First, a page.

A federal court ruled Friday that insurers are owed subsidies mandated by the Affordable Care Act to help them cover people with low incomes in the exchanges and the Trump administration violated the law when it halted the payments in 2017.
In a separate but related ruling, the same court found that payers that were able to raise premiums to offset the loss of those payments in 2018, however, should not receive the entire unpaid amount.
The judges with the U.S. Court of Appeals for the Federal District in their decision relied on a recent ruling in favor of insurers from the U.S. Supreme Court on a separate cost-sharing program in the ACA. “We see no sufficient basis for reaching a different conclusion,” they wrote.
The Affordable Care Act took into account that payers participating in the exchanges it created would be somewhat flying blind when setting premium rates for a new population. To safeguard them, multiple programs were established to help manage the inherent risk.
One of them was the risk corridors program, which was supposed to redistribute some of the profits insurers received in the exchanges to other companies seeing losses. But far more companies reported losses than profits, and the program quickly ran out of funds to pay out.
The Trump administration argued the ACA does not properly appropriate the funding anyway.
The high court, however, ruled in April those insurers are owed about $12 billion from the program and that the language indeed creates what is called a money-mandating provision.
The decisions released Friday use that precedent for one of the other risk programs, which provided the subsidies for coverage of people with low-incomes, called cost-sharing reduction payments.
HHS abruptly stopped making the payments in October 2017, making the argument that the money had not been appropriated. But litigation of the issue goes back farther. Republicans in Congress sued HHS in 2014 making the same claim.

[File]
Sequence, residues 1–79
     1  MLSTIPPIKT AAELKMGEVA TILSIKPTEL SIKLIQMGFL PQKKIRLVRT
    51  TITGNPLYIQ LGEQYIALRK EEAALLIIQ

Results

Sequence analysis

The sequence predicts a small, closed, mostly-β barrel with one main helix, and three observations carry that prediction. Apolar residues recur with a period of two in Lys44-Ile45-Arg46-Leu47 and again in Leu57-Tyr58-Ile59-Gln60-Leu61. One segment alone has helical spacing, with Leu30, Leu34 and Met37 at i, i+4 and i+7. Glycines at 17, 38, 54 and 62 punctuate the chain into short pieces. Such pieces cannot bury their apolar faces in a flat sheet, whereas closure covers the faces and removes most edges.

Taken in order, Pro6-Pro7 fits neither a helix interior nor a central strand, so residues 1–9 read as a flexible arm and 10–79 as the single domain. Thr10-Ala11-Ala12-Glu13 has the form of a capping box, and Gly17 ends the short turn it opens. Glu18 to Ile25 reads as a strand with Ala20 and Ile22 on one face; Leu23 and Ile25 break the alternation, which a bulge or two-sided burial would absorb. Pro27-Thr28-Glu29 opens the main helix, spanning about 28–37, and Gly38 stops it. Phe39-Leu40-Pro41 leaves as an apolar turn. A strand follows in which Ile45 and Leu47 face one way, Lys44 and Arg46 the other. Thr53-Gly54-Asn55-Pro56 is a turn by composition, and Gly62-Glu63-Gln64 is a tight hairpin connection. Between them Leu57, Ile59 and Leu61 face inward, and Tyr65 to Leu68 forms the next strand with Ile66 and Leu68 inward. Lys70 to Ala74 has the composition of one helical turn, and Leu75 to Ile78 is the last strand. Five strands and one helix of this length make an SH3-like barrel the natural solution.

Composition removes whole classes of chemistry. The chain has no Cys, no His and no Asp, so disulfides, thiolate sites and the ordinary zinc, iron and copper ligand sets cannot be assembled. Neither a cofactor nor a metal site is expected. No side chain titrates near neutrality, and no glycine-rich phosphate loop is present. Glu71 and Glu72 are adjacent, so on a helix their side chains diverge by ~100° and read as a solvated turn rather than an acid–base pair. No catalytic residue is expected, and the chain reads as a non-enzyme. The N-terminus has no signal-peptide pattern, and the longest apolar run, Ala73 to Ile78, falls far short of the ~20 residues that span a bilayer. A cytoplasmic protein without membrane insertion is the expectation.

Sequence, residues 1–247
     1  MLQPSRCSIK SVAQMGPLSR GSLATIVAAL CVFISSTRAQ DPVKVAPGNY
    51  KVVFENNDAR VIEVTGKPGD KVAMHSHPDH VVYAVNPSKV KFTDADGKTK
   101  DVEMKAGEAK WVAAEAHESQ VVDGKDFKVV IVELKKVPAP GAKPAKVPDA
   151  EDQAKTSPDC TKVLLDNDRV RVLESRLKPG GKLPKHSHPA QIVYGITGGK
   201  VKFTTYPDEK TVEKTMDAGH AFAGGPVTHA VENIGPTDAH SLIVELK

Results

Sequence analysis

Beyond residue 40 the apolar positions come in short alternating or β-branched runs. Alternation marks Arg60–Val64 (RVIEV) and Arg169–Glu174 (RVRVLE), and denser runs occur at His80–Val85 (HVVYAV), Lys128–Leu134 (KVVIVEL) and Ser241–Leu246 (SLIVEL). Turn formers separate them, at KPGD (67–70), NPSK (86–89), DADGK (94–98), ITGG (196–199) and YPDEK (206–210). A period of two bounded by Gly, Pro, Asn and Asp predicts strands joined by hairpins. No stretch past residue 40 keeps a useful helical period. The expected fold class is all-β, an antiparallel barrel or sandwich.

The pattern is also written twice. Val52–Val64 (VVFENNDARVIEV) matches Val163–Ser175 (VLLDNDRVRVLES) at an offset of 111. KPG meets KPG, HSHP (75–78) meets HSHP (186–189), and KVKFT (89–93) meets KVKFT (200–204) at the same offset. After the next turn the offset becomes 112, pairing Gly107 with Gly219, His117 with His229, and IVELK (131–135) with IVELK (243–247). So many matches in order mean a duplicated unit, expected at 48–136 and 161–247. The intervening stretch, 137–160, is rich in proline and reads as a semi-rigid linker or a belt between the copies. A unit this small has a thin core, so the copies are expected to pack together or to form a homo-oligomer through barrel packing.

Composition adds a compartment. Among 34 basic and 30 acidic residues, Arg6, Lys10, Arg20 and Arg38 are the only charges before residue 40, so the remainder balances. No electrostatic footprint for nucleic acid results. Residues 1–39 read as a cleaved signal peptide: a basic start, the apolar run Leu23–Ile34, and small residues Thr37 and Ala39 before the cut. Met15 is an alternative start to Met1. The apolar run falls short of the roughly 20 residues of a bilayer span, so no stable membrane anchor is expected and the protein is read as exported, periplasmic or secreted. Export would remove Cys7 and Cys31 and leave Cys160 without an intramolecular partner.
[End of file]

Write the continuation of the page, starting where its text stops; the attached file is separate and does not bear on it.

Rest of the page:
In 2018, with the payments still halted, payers increased their premium rates to help account for the lack of cost-sharing reduction payments, and thus received additional premium tax credits (a practice known as silver loading). The judges Friday said that although they agreed with a February 2019 decision from the U.S. Court of Federal Claims that the payers were owed the payments, they disagreed that insurers should be reimbursed in full despite the 2018 premium adjustments.
“The complexity of the process cannot obscure the underlying economic reality that the government is paying at least some of the increased costs that the insurers incurred as a result of the government’s failure to make cost-sharing reduction payments,” they wrote.
The judges remanded the case back to the Court of Federal Claims to determine the amount Maine Community Health Options is owed, and instructed them to take into account what amount of silver loading can be attributed to the loss of the payments.
Montana Co-op is owed $1.23 million for missed 2017 payments and Sanford Health Plan is owed $360,254.